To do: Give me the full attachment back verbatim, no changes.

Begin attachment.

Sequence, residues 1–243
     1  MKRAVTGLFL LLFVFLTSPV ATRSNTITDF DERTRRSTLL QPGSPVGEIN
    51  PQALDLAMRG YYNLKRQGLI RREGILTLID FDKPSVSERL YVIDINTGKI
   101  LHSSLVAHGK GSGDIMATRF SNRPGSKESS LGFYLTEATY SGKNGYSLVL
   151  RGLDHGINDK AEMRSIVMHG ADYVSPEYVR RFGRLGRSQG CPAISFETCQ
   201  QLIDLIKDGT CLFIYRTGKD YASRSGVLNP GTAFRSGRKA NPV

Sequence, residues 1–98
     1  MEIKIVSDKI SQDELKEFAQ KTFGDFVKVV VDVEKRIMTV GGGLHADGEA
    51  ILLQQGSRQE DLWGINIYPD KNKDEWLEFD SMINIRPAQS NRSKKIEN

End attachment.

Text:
Sequence, residues 1–243
     1  MKRAVTGLFL LLFVFLTSPV ATRSNTITDF DERTRRSTLL QPGSPVGEIN
    51  PQALDLAMRG YYNLKRQGLI RREGILTLID FDKPSVSERL YVIDINTGKI
   101  LHSSLVAHGK GSGDIMATRF SNRPGSKESS LGFYLTEATY SGKNGYSLVL
   151  RGLDHGINDK AEMRSIVMHG ADYVSPEYVR RFGRLGRSQG CPAISFETCQ
   201  QLIDLIKDGT CLFIYRTGKD YASRSGVLNP GTAFRSGRKA NPV

Sequence, residues 1–98
     1  MEIKIVSDKI SQDELKEFAQ KTFGDFVKVV VDVEKRIMTV GGGLHADGEA
    51  ILLQQGSRQE DLWGINIYPD KNKDEWLEFD SMINIRPAQS NRSKKIEN